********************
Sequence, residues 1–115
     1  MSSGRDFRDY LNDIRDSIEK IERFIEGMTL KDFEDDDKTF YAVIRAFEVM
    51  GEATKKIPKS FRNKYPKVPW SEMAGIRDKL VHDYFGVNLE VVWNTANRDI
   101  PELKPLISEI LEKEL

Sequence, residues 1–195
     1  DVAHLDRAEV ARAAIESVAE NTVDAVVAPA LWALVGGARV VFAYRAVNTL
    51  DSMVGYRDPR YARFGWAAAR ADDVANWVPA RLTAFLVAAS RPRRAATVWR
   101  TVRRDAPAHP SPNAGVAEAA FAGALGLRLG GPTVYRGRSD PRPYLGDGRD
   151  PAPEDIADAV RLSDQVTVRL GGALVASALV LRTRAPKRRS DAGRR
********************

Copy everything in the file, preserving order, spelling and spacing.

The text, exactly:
Sequence, residues 1–115
     1  MSSGRDFRDY LNDIRDSIEK IERFIEGMTL KDFEDDDKTF YAVIRAFEVM
    51  GEATKKIPKS FRNKYPKVPW SEMAGIRDKL VHDYFGVNLE VVWNTANRDI
   101  PELKPLISEI LEKEL

Sequence, residues 1–195
     1  DVAHLDRAEV ARAAIESVAE NTVDAVVAPA LWALVGGARV VFAYRAVNTL
    51  DSMVGYRDPR YARFGWAAAR ADDVANWVPA RLTAFLVAAS RPRRAATVWR
   101  TVRRDAPAHP SPNAGVAEAA FAGALGLRLG GPTVYRGRSD PRPYLGDGRD
   151  PAPEDIADAV RLSDQVTVRL GGALVASALV LRTRAPKRRS DAGRR